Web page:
Attacking magpies

To: Birding-aus <>
Subject: Attacking magpies
From: Rafael Furniss <>
Date: Mon, 4 Nov 1996 18:20:13 +1000 (EST)
I know this was discussed a little sometime ago, but I can't recall if a
anyone came up with a good way of repelling their attacks. I raise the
subject again as this morning I was attacked, and as a consequence my
bicycle and I become one with the bitumen. Other people have narrowly
avoided riding into oncoming traffic in an effort to escape and several
people have sustained bleeding wounds to the neck or ears. Now short of
ringing the council to have the pair shot (which I'm loathe to do) what
can I do to deter them? Observation shows that adult magpies can attack
humans from prior to egg-laying, up until the young are 6 months old. 7
months or so in a year is a little long to endure their attacks. Following
are some methods tried by others in various places with varying success.
Any suggestions are welcome.

1) Capture of the birds, secondaries clipped or removed to inhibit
dive-bombing. It didn't seem to affect their flying capabilities. Would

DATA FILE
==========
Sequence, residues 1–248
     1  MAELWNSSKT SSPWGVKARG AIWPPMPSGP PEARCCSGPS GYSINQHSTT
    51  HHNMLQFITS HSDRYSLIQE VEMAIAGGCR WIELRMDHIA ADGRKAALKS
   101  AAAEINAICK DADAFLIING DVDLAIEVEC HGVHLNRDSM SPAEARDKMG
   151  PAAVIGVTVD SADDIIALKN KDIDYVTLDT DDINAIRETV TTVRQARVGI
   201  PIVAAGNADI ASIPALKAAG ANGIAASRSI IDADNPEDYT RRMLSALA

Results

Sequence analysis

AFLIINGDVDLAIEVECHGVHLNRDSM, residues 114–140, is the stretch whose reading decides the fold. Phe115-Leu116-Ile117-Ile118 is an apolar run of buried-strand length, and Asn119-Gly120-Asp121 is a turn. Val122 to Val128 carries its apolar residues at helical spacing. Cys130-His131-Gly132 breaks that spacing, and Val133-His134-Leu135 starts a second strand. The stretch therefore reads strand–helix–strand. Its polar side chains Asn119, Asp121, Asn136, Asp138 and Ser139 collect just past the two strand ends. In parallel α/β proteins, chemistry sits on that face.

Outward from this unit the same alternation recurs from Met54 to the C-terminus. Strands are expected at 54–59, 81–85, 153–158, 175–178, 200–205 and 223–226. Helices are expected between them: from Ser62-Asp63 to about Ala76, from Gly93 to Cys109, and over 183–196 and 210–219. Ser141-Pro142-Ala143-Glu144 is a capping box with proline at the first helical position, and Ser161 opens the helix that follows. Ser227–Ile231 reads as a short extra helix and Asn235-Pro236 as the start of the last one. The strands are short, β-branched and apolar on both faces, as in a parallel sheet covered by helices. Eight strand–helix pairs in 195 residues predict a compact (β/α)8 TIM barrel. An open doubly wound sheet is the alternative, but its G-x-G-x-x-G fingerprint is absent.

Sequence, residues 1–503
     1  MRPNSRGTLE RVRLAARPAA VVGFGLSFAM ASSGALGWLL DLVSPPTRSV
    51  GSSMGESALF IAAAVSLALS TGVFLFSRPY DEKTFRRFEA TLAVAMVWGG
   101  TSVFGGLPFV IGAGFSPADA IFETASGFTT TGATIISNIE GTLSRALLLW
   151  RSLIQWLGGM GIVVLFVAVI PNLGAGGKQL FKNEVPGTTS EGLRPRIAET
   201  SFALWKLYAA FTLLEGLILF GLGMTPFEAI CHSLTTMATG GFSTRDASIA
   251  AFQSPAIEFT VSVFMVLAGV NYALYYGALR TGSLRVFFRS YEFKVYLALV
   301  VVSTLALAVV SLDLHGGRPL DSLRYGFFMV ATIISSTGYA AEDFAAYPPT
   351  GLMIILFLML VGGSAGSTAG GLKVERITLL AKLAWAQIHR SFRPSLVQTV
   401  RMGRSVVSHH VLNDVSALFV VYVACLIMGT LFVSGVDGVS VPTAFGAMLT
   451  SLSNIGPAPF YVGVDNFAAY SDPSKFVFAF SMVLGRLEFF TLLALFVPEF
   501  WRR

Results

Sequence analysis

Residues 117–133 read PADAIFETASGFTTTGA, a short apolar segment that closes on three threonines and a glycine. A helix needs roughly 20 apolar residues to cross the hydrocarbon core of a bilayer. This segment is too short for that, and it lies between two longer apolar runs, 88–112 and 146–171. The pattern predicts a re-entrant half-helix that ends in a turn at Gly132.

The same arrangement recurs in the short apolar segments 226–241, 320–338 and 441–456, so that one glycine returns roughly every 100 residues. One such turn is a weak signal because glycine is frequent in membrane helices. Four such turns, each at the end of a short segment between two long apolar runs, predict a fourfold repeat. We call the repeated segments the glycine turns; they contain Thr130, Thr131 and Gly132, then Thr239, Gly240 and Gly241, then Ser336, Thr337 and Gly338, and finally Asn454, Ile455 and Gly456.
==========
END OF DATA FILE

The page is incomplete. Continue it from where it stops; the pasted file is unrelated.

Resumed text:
clipping their primaries be a death sentence for them?

2) Shooting the birds. Solves the problem but is a little drastic.

3) Waving a bicycle pump in a random pattern around the head. Keeps them
at a metre away.

Suggested (but untried) methods

1) Remove the eggs from the nest. Would they just lay more?
   (And you'd have to be game to remove them)

2) Relocation of the birds. I reckon the magpies in the new area would
kill them, so not an ideal method.

3) Teatowel wrapped around ears and neck to protect exposed skin from
attack. Should work.

4) Eyes of some kind glued to the back of bicycle helmet. I'm trialling
some teddy-bear eyes (with the pupils that roll around) and black felt for
eye-brows tomorrow, I'll let you know. Think they'll fall for it?

5) Carry a small umbrella that opens with the click of a button. Open
prior to entering the war zone, use to deflect attack from behind.

Any other suggestions will be gratefully received. 


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